Dura Europos was a border city, founded about 300BC, built on an escarpment above the right bank of the Euphrates river. In 113 BC, Parthians conquered the city, and it became an important provincial administrative center. The Romans captured Dura-Europos in 165 AD and greatly enlarged it as their easternmost stronghold in Mesopotamia, until it was captured by Sassanians after a siege in 256–57 AD. The population was deported, and after it was abandoned, Dura Europosd by sand and mud and disappeared from sight.
In the aftermath of World War I and the Arab Revolt, British troops explored the ruins. In 1920, a soldier digging a trench uncovered brilliantly fresh wall-paintings in what would prove to be the Temple of Bel. Major excavations were carried out in the 1920s and 1930s.
Of special interest is the Jewish synagogue, the last phase of which was dated by an Aramaic inscription to 244 AD. It is the best preserved of the many ancient synagogues of that era that have been uncovered by archaeologists. It was well preserved due to having been infilled with earth to strengthen the city's fortifications against a Sassanian assault in 256. The synagogue was uncovered in 1932 by Clark Hopkins, who found that it contains a forecourt and house of assembly with frescoed walls depicting people and animals, and a Torah shrine in the western wall facing Jerusalem. Because of the profuse iconography, it was at first mistaken for a Greek temple.
Icon wall in the Jewish synagogue at Dura Europos.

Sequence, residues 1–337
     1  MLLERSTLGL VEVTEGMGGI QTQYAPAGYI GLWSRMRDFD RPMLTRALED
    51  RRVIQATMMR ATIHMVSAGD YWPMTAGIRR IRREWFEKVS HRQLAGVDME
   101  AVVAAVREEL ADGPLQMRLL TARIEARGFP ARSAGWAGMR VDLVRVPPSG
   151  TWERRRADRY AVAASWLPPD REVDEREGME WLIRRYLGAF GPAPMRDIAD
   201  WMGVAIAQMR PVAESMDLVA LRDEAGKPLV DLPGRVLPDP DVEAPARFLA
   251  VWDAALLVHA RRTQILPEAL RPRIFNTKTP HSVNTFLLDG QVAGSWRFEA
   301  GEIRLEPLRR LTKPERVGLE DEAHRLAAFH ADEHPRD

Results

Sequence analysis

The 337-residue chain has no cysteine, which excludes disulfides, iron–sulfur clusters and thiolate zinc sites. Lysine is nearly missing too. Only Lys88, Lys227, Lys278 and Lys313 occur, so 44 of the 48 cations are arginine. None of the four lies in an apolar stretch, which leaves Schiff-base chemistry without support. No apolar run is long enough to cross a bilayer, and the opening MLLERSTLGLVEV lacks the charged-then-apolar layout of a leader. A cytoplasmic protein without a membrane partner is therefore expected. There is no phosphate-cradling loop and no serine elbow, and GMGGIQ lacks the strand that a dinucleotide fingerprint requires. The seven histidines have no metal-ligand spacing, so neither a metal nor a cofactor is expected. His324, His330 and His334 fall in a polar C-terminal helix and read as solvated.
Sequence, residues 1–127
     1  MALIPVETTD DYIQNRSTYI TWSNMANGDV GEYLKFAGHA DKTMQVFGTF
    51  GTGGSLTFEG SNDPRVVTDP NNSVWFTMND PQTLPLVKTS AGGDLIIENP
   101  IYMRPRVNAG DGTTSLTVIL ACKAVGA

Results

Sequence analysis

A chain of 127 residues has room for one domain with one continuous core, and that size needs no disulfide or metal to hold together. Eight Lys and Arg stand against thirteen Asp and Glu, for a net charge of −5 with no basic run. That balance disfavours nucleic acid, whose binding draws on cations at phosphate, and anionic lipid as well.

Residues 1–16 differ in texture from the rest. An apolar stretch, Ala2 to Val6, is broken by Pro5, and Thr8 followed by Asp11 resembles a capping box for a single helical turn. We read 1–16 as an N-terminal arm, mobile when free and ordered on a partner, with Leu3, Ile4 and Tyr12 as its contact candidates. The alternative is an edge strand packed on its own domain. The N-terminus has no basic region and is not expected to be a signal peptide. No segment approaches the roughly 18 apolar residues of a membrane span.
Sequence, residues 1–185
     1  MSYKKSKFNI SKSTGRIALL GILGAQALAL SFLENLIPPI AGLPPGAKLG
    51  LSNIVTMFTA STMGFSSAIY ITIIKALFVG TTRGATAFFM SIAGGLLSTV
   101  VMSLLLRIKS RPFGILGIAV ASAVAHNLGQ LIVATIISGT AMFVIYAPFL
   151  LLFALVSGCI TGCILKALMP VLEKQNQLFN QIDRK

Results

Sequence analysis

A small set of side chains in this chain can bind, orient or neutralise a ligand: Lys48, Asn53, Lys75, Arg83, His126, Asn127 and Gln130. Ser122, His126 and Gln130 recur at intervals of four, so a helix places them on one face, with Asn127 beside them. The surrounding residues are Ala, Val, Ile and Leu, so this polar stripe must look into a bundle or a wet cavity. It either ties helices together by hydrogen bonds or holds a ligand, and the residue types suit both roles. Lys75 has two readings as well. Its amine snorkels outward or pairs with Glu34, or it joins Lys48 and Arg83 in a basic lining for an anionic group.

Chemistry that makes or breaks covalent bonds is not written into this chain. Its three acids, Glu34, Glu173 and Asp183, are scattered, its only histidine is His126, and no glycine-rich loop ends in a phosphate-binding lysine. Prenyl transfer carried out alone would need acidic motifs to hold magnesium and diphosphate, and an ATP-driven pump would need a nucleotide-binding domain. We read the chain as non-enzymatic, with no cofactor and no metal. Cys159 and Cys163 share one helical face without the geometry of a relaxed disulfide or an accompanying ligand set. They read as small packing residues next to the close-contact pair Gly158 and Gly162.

From web syllabus for History of Western Architecture at the University of Pittsburgh.
Icon of Aaron the brother of Moses.
From the Center for Online Judaic Studies.
Icon of Esther brought before Mordecai, at the synagogue of Dura Europos.
From the Judaica Collection at Sterling Memorial Library.
Besides the Jewish synagogue, other homes and buildings along the western wall were filled with earth to strengthen the walls against the attacking Sassanid Persian army. One of these was a Mithraeum, as one would expect in a Roman military town, and another home had been converted to a Christian church. This Christian church is especially important as it is the earliest complete church extant.
Fresco detail: The healing of the Paralytic. Read more…
An examination of the remains yields much about the liturgy of the early Christian church.
A typical Roman upper class house was centered around a columned courtyard with an open room caled the atrium . In the center of the courtyard was a pool or impluvium. At the opposite end from the entrance was a raised area tablinum containing a table and used by the family as a reception area and for ceremonial functions.
In the Dura Europos home converted to a church, scholars speculate that the congregation gathered around the pool, which was used for baptism. In the tablinum sat the bishop, who presided over the Eucharist, celebrated at the table. This arrangement provides a logical basis for the liturgical arrangement of later basilica churches.